The county’s more than $55.7 million budget for the upcoming fiscal year was discussed during recent meetings of the Patrick County Board of Supervisors.
Lock Boyce, chairman and of the Mayo River District, said he was approached with concerns about the amount of the Patrick County Sheriff’s Office budget.
“The sheriff’s office is a constitutional office. We can’t really dispute what he (Patrick County Sheriff Dan Smith) gets or how he spends that money,” Boyce said.
The nearly $5.5 million budget is one-tenth of the county’s total budget, according to Smith, who added about half of the total amount is reimbursed by the state.
For example, the State Compensation Board will reimburse more than $2.2 million of the nearly $2.5 million salaries in law enforcement and jail operations, documents show.
Smith also noted his budget represents level funding overall for capital items.
“The last substantial increase in my budget was several years ago when school resource officers (SROs) were added after the Sandy Hook tragedy” in 2012, Smith said.
However, the costs of inmate sustenance – which includes medical care – increase each year, he said.
“My biggest expense is inmate medical care and every year, there’s a significant increase in that cost,” Smith said.
The state also contributes per diem funds to help care for the average of 132 inmates housed in the Patrick County Jail at any given time, Smith said. Depending on whether an inmate is state responsible (those who are waiting transfer to a state prison) or a local inmate, the per diem amount ranges from $4 per inmate per day to $12 per inmate per day.
An estimated $30,000 will be transferred from the Inmate Commissary Fund to help offset miscellaneous expenses related to inmate care, and $110,000 from the Inmate Medical Fund will be used to help offset inmate medical expenses.
Additionally, the sheriff’s office also receives several grants and/or other reimbursements from other agencies to help offset expenses.
In addition to jail operations, the proposal also includes law enforcement, courtroom security, county paid deputies, E-911 dispatch and animal control.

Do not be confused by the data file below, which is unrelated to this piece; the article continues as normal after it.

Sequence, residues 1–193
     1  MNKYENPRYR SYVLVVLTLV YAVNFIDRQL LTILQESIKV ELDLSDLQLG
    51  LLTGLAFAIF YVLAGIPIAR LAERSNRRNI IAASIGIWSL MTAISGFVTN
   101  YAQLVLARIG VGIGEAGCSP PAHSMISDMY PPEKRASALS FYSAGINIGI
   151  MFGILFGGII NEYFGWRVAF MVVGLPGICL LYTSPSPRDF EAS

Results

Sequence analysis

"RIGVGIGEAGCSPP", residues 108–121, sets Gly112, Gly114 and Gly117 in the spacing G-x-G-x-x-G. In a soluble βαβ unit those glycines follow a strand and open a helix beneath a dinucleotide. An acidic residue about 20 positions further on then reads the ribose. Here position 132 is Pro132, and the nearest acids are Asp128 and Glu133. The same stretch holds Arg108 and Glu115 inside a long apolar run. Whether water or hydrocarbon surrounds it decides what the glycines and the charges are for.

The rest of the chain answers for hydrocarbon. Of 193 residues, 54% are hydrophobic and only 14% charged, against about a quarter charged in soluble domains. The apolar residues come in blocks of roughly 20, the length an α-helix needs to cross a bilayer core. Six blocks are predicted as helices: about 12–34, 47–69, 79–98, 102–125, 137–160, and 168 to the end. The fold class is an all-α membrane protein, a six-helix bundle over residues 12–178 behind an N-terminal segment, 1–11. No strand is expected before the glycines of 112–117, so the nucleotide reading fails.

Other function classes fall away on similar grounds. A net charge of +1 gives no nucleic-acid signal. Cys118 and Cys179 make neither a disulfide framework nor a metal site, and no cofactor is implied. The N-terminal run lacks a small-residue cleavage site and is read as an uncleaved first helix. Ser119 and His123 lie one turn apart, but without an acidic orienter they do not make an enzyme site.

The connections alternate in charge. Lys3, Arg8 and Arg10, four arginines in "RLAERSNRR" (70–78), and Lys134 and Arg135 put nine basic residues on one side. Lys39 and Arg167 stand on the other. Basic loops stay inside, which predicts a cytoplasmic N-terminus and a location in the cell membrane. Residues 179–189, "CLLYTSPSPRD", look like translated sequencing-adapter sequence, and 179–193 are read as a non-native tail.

By category, the proposed $2,498,579 law enforcement budget represents a $92,648 increase, or 3.65 percent, over the current fiscal year’s budget, documents show.
Smith said the increase is due to a small state raise and the additional cost of benefits that went into effect during the second half of the current fiscal year. State funds are tapped to pay for the increase, he added.
Smith’s proposed budget also includes $671,801 for the county’s E911 Dispatch Center and a total of $125,632 for courtroom security. The latter includes a $1,700 mandatory increase for health insurance, Smith said. Salaries remained unchanged from the current budget cycle, and any unspent balance is transferred back into the county’s general fund at the end of the fiscal year.
While the state pays the salaries and benefits for the majority for about 80 percent of law enforcement officers – including Smith, the locality pays for nine others. Smith’s proposed budget includes $485,818 for salaries and benefits of deputies paid by the county. That amount represents level funding from the current fiscal year.
The $60,796 proposed budget for animal control represents a decrease of $8,359, or 12.9 percent, over the current budget cycle, documents show.
In other matters, the supervisors agreed to provide level funding for outside organizations, unless a decrease was requested. In those cases, the lower amount would be approved.